For any student with a double major that includes the Bachelor of Music in Music Education or the Bachelor of Music in Music Education/Master of Arts in Teaching degree program, that student must successfully complete PI 204, the Piano Secondary capstone course. For any other student with a double major, not including the B.M. in Music Education or the B.M. in Music Education/M.A.T. degree program, the capstone course required for that student will be determined by the piano secondary faculty and coordinator of Piano Secondary in consultation with the Associate Dean.
Instruction entails study and performance of piano literature from the Baroque through the 21st Century as well as development of proficiency in areas of functional keyboard skills. If the capstone is passed in fewer than four semesters, further study is not required.
Students may elect private instruction in piano for credit. There are no audition requirements, but an extra fee is charged. Elective lessons are provided on a space-available basis to qualified Princeton and Lawrenceville campus students.
PI 611 is a required graduate Piano Pedagogy course for the purpose of problem–solving related to piano teaching. The class format includes discussion of observations, supervised and independent teaching, questions relating to repertoire, materials, and technique, comparative philosophies and psychologies and their applications, group and private teaching, business issues (e.g. studio policies), professional organizations and publications, use of technology, career planning, recital and audition planning. Preparation for graduate oral examination is included. The weekly lab is required for two semesters, but recommended for all four semesters.
This is a weekly recital and lecture hour during which programs are given by students and guest performers. Attendance and participation at weekly studio and performance classes is required for all undergraduate and graduate piano major and primary students. All Westminster students are invited to attend.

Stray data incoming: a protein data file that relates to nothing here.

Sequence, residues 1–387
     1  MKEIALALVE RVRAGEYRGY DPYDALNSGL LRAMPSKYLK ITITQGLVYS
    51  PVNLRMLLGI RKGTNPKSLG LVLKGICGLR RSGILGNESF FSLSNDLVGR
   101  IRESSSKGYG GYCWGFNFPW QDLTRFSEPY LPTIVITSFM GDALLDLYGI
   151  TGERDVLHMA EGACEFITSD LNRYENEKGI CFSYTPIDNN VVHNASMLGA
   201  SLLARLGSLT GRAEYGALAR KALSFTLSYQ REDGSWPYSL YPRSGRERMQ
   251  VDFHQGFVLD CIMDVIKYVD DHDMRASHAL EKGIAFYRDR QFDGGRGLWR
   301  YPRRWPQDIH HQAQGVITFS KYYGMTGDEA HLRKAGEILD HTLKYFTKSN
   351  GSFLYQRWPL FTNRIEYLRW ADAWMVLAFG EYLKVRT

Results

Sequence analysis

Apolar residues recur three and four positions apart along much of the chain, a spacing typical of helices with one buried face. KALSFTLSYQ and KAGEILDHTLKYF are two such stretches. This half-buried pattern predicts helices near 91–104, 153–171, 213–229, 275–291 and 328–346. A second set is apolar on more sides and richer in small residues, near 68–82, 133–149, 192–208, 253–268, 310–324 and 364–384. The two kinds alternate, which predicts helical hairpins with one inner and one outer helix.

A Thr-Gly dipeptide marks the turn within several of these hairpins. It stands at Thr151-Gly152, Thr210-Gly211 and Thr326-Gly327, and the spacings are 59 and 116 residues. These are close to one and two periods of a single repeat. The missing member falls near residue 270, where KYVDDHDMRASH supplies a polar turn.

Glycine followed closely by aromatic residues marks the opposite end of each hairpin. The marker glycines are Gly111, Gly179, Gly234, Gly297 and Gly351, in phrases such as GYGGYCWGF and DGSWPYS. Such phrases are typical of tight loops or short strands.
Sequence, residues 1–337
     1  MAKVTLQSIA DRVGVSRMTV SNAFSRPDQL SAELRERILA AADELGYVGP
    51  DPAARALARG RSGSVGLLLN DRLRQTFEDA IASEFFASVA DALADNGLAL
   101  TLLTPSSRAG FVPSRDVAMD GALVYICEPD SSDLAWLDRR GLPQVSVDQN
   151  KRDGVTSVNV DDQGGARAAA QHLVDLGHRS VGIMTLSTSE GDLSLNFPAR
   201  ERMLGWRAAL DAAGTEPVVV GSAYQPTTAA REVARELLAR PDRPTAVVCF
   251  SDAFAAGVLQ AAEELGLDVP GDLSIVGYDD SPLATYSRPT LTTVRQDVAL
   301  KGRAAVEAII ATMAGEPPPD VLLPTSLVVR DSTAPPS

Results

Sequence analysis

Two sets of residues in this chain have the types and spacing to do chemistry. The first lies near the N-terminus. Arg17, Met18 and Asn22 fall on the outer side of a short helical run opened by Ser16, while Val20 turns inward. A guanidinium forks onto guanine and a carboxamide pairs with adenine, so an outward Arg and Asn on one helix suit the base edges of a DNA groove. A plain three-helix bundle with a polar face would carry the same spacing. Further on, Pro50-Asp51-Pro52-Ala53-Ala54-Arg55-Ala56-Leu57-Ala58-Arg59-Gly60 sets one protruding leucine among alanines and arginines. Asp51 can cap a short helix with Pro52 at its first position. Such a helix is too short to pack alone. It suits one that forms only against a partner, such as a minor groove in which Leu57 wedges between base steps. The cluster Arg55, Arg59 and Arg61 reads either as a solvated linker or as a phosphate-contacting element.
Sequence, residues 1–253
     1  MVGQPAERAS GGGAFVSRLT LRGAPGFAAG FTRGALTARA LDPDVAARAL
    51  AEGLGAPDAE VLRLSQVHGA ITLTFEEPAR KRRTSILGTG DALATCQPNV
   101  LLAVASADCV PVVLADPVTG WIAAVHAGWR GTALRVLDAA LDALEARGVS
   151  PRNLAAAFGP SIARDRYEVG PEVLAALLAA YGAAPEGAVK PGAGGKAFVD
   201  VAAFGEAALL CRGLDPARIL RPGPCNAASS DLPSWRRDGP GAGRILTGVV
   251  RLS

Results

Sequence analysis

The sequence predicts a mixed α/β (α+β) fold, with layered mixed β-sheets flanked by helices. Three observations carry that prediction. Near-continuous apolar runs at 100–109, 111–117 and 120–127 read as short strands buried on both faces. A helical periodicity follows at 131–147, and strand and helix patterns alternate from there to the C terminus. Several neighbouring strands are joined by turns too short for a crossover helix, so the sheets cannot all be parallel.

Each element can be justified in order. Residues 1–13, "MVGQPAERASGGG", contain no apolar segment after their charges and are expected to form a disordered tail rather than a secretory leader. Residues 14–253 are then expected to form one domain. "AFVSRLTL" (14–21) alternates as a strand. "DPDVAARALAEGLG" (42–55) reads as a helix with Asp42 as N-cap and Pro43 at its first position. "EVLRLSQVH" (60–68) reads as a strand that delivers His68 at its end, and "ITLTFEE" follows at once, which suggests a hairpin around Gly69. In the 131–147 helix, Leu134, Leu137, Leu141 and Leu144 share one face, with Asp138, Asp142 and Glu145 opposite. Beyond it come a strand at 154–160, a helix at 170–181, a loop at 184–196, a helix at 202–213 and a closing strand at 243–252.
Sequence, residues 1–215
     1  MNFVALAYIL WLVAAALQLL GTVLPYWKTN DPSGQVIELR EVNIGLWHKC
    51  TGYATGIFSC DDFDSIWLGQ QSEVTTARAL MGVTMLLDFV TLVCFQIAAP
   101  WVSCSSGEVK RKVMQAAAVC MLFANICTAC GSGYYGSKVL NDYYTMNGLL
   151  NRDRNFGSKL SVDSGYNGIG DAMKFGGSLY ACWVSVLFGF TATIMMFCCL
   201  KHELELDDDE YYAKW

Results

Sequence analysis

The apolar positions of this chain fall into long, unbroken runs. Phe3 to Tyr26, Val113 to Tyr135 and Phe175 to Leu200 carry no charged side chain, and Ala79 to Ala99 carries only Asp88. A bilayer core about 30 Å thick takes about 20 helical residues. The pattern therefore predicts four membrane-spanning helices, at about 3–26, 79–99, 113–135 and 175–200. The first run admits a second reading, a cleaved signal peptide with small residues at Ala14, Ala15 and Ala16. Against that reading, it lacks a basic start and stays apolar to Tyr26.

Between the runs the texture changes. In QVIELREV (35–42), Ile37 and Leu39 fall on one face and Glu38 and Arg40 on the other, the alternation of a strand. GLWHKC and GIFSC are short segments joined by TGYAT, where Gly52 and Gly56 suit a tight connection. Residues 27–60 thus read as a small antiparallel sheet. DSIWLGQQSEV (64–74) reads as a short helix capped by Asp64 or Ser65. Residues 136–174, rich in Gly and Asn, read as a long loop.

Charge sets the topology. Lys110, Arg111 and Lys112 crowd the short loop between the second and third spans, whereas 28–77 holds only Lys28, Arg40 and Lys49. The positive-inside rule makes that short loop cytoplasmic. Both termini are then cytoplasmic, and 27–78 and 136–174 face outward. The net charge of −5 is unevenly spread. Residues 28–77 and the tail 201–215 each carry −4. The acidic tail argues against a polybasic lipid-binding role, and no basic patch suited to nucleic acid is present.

Dalton Baldwin • Adjunct Professor, Piano, 1984. B.A., Oberlin Conservatory.
Ena Bronstein Barton • Adjunct Associate Professor, Piano, 1983. Artist Diploma, Escuela Moderna de Musica and Conservatorio Nacional de Musica, Santiago, Chile.
Ingrid Clarfield • Professor, Piano, 1982. B.M., Oberlin College; M.M., Eastman School of Music, University of Rochester
James Goldsworthy • Professor, Piano, 1996. B.M., M.M., Southern Methodist University; D.M.A., Stanford University.
Phyllis Lehrer • Professor, Piano, 1975. A.B., University of Rochester; M.S., Juilliard School.
Thomas Parente • Associate Professor, Piano, 1993. B.A., Jersey City State College; B.M., Manhattan School of Music; M.A., Rutgers University; Dalcroze Eurhythmics License, Longy School of Music; Ed.D., Teachers College, Columbia University.
J.J. Penna • Associate Professor, Piano, 1996. B.M., Binghamton University; D.M.A., University of Michigan.
Agnes Poltorak • Adjunct Assistant Professor, Piano, 2000. B.M., University of British Columbia, Canada; M.M., Westminster Choir College of Rider University.
Betty Handelman Stoloff • Adjunct Associate Professor, Piano, 1978. B.M.A., University of Michigan; M.A., Columbia University.